"I experienced poor mental health throughout my teenage years and never had the opportunity to use that lived experience to create change within the mental health support services that are available to young people.  I grew up in an estate in Yorkshire, and it’s really clear that a downturn in my mental health coincided with the depleting of community infrastructure such as the community centre on my estate closing down and green spaces not being maintained. There is a lot we can do to improve things for young people.”

Based on this research the report recommends the following actions:

  • Provide resources to parents and caregivers such as parenting programmes, education, employment and housing resources that help them to be consistent sources of support for their children.
  • Ensure that as part of their education, children are equipped with the skills they need to understand, talk about and manage challenging feelings.
  • Embed the teaching of skills that support good mental health into the curriculum and into youth work and other young-person focused services and organisations. Ensure that effective early support is available for young people’s mental health that considers young people’s views on what makes that support acceptable and accessible.
  • Enable community leaders to bridge the gap between communities and local government and make sure people have a choice and a voice in deciding what their area needs in order to support good mental health.

Read the full report

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Notes to editors:

For more information, or to request interviews, contact Fran Edwards from the Mental Health Foundation Press Office on 07786 437249, or on [email protected]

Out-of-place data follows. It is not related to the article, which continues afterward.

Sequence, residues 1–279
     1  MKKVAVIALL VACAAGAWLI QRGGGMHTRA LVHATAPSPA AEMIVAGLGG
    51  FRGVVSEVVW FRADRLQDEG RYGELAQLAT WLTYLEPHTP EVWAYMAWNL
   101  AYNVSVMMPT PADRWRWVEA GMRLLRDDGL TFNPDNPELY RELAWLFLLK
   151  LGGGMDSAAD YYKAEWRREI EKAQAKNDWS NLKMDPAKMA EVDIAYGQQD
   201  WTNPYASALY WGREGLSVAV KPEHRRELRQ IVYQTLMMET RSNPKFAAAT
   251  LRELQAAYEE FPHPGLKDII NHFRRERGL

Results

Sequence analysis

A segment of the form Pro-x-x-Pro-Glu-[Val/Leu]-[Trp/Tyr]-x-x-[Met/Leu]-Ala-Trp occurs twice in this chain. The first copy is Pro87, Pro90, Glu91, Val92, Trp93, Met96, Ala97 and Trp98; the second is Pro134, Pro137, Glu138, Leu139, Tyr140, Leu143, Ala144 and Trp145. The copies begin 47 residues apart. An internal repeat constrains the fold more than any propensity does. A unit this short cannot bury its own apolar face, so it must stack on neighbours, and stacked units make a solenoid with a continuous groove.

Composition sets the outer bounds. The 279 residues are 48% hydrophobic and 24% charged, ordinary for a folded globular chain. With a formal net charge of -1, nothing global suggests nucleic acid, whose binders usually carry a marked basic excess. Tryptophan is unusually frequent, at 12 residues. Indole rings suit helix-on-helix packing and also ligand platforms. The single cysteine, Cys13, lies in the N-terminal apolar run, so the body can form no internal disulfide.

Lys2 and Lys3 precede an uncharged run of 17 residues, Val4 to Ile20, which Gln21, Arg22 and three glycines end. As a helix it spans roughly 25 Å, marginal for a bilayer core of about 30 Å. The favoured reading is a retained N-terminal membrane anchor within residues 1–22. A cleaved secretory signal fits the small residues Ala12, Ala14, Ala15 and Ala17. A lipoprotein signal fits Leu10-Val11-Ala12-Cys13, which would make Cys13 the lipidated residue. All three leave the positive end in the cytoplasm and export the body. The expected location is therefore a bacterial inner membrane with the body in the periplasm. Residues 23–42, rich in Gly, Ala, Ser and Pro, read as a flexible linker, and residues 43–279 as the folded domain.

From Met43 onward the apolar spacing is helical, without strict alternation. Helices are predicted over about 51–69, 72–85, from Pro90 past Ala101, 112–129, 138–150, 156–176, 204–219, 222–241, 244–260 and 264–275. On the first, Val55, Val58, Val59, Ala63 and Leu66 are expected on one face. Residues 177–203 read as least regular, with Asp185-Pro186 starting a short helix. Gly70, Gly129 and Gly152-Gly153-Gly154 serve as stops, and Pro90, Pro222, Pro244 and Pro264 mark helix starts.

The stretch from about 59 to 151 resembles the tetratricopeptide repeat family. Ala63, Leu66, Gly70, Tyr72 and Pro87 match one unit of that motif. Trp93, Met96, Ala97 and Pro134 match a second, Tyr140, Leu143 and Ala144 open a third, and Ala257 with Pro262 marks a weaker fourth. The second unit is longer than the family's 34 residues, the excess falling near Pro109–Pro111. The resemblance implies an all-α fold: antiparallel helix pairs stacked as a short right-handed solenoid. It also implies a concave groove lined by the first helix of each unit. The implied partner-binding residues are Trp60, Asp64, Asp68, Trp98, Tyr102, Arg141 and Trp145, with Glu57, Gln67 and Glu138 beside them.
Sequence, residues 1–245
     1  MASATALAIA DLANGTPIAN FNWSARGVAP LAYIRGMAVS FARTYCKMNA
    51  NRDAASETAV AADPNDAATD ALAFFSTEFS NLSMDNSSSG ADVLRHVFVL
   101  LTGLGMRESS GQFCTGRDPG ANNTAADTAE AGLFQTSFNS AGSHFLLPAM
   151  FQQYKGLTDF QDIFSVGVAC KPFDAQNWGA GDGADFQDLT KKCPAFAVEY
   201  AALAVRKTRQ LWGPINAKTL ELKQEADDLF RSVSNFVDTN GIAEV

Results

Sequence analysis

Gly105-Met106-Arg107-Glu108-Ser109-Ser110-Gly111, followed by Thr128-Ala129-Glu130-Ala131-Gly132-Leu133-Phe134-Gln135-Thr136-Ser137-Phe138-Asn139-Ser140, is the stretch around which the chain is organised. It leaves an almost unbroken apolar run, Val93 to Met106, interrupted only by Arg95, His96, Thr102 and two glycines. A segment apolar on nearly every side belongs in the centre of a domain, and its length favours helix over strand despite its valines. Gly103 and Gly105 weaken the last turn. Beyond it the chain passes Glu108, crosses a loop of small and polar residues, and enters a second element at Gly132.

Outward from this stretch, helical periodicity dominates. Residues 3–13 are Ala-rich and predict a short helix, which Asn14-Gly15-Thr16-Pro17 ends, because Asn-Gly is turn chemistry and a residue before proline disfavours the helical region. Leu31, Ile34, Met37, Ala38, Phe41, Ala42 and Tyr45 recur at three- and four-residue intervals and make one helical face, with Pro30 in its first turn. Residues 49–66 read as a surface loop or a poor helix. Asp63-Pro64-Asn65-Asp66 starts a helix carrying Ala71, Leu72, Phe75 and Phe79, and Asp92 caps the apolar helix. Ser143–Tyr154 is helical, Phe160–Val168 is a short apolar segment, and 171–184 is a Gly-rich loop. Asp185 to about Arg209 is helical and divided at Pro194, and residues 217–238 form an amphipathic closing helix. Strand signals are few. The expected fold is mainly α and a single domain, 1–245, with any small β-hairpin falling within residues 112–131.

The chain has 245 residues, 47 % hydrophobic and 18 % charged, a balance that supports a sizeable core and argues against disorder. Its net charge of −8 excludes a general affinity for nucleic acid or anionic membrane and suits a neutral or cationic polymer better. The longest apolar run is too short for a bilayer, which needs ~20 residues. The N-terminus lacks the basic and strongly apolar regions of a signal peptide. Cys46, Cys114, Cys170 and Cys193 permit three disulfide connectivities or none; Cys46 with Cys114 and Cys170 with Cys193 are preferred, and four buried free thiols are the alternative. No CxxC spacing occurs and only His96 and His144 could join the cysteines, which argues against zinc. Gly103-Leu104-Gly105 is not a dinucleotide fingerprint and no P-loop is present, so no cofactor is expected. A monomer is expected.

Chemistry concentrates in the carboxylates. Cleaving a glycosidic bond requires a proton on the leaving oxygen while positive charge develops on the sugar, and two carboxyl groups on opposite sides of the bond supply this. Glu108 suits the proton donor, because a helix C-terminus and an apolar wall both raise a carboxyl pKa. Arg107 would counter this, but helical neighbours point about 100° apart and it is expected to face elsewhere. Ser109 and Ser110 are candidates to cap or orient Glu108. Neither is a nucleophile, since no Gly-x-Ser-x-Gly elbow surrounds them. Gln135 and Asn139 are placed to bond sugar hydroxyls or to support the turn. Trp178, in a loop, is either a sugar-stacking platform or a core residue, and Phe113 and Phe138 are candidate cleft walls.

The report, “State of a generation: preventing mental health problems in children and young people”, has been published as part of the Foundation’s 70th anniversary.   This report is the first of three, each looking at a different stage in life, and the things that both challenge and support mental health at these stages. Researchers plan to repeat each survey every three years to measure the factors that influence young people’s mental health.   The next two reports will look at adults (autumn 2020) and people aged 55 and over (autumn 2021).

The report has been supported by a new partnership between the Mental Health Foundation and Cochrane Common Mental Disorders.  The partnership is helping the Foundation ask the right research questions, use the right methods to answer them, and get the right evidence to those who need it in a form they can use. 

Cochrane Common Mental Disorders is part of Cochrane, an international not-for-profit organisation dedicated to making up-to-date accurate information about the effects of healthcare readily available worldwide. 

All figures, unless otherwise stated, are from YouGov Plc.  Total sample size was 2522 UK adults aged 16 to 25. Fieldwork was undertaken between 14th - 29th August 2019.  The survey was carried out online. The figures have been weighted and are representative of all UK adults (aged 16 to 25).

 * All calculations have been carried out by the Mental Health Foundation.